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This week the Bureau of Land Management (BLM) hosted an online competitive auction sale of federal minerals located under the surface of the Wayne National Forest. The BLM auctioned off 719 acres for a total sale of over $1.7 million. On average, each acre sold for $2,416.85.
More importantly, the local government will see a portion of this sale, as well as a portion of the royalty payments. In this case, the sale included leases with a royalty requirement of 12.5%.
Because the Wayne National Forest is public land, the area does not benefit from the revenues of private property taxes, which typically support schools, roads, bridges, and government services. Monroe County in particular has to grapple with this as Wayne National Forest covers tens of thousands of acres. Instead of property tax payments, the Bureau of Land Management instead pays Payment in Lieu of Taxes (PILT) to counties that contain the forest.
Here’s how it works: funds are returned to the states annually and then distributed to the counties based on national forest acres within the county, (a system which has been in place since 1908). So, for Monroe County, leasing federal minerals in the most prolific dry gas region of the state will in fact be a windfall for local governments over the next few years. For example, take a look at the receipts in 2014 from the national forest to Monroe County (pictured at right). As you will clearly see, they received no money from federal minerals as there was no development then.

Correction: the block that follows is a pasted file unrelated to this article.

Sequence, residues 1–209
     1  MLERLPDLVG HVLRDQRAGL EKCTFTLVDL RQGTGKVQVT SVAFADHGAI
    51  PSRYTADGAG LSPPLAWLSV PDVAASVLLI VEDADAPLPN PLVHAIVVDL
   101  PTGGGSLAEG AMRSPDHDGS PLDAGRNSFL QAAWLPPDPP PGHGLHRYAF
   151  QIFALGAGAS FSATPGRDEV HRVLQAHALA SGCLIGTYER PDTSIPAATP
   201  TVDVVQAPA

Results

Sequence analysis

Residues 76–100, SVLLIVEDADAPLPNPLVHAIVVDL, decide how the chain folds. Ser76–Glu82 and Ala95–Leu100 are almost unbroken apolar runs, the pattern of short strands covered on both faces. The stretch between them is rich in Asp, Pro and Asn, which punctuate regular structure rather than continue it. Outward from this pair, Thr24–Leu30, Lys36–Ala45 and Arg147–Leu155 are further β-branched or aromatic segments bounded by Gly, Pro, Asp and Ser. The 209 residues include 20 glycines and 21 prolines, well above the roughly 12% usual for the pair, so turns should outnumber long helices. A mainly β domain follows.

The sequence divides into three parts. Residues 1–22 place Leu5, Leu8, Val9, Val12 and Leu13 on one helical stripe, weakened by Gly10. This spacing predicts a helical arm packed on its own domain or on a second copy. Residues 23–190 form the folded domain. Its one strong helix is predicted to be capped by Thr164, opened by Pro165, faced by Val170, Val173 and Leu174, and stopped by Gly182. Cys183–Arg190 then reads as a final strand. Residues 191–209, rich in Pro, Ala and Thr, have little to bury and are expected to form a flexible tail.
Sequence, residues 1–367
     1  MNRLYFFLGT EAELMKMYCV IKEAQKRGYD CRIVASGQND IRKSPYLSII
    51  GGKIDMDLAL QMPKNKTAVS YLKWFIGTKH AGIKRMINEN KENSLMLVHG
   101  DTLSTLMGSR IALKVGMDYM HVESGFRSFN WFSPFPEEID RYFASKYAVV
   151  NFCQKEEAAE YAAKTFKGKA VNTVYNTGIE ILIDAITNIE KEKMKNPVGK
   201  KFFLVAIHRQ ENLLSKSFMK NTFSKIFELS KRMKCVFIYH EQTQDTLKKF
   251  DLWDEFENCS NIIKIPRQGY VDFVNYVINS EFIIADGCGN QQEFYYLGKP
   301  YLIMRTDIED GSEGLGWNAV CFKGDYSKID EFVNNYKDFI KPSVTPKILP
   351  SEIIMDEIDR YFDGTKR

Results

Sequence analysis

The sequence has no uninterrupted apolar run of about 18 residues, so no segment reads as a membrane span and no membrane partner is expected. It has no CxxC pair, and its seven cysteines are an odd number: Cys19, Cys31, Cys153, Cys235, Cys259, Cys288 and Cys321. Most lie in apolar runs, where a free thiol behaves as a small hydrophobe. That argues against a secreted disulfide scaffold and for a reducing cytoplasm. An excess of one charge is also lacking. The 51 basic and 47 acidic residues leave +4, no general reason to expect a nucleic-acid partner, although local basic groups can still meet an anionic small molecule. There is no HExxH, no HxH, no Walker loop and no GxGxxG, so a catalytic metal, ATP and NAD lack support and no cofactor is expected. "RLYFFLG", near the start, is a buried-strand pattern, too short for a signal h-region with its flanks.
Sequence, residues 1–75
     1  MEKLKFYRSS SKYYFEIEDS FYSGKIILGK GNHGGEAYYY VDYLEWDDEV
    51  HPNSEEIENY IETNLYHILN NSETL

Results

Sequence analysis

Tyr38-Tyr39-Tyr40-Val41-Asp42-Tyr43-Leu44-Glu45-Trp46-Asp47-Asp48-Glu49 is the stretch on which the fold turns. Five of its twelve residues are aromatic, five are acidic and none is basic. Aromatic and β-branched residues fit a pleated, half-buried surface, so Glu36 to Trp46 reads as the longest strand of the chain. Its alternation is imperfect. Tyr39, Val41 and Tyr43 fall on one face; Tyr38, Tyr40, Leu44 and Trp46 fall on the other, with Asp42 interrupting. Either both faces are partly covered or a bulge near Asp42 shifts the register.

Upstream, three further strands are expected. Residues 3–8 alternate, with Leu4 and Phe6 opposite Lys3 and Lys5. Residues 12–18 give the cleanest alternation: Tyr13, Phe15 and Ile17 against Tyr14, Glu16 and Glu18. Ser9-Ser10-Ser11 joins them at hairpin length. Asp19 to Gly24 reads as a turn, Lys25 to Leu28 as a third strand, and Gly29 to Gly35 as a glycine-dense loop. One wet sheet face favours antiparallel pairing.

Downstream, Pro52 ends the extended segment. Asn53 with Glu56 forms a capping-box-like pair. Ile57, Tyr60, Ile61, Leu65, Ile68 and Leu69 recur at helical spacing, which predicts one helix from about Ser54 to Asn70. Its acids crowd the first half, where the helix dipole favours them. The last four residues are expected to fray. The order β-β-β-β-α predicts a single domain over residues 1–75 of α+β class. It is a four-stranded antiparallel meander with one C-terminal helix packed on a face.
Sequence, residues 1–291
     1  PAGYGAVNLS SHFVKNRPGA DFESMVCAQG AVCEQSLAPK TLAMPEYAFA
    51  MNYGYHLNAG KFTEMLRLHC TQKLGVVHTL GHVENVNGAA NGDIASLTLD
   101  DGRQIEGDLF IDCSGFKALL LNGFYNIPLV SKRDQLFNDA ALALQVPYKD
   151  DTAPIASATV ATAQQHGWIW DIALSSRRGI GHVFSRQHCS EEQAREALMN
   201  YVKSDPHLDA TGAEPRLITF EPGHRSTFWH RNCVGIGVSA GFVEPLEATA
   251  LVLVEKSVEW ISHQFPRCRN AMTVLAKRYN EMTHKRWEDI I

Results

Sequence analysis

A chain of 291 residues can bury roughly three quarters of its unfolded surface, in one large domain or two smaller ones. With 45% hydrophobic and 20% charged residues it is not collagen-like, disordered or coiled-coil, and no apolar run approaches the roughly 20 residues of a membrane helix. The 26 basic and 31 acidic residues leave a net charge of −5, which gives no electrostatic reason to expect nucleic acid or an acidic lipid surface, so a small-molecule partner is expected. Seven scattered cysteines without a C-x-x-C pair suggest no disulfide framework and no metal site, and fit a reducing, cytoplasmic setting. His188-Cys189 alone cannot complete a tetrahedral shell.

With WNF leasing going ahead, all that will change for Monroe County.
Perhaps that’s why the Monroe County Commissioners, local schools, landowners, and practically everyone in the county supported leasing the forest in the first place. Not only have they watched their sales tax revenues increase by 340 percent from oil and gas development on private lands, they are going to realize a boost from leasing county public lands as well. As the bi-partisan Board of County Commissioners in Monroe County said in a support letter to lease minerals in the Wayne National Forest,
“Since 2008, mineral development has generated more than $460,000 for local governments. In 2014, Monroe County received $33,286 in PILT, of which there was no monies received from federal minerals. Sir, in addition to our concerns over lack of PILT payments, we also find this matter concerning from a perspective of ‘The Secure Rural School and Community Self Determination Act of 2000’, which is another source of funding received from the Wayne National Forest that provides payments to fund important local services, such as schools and roads. A delay and/or a determination by BLM that would impeded Monroe County’s ability to realize additional funding from these sources would not be in the best interest of the county.”
Indeed, it would not be. Once again, taxpayers are the winner when it comes to the development of oil and gas in Ohio.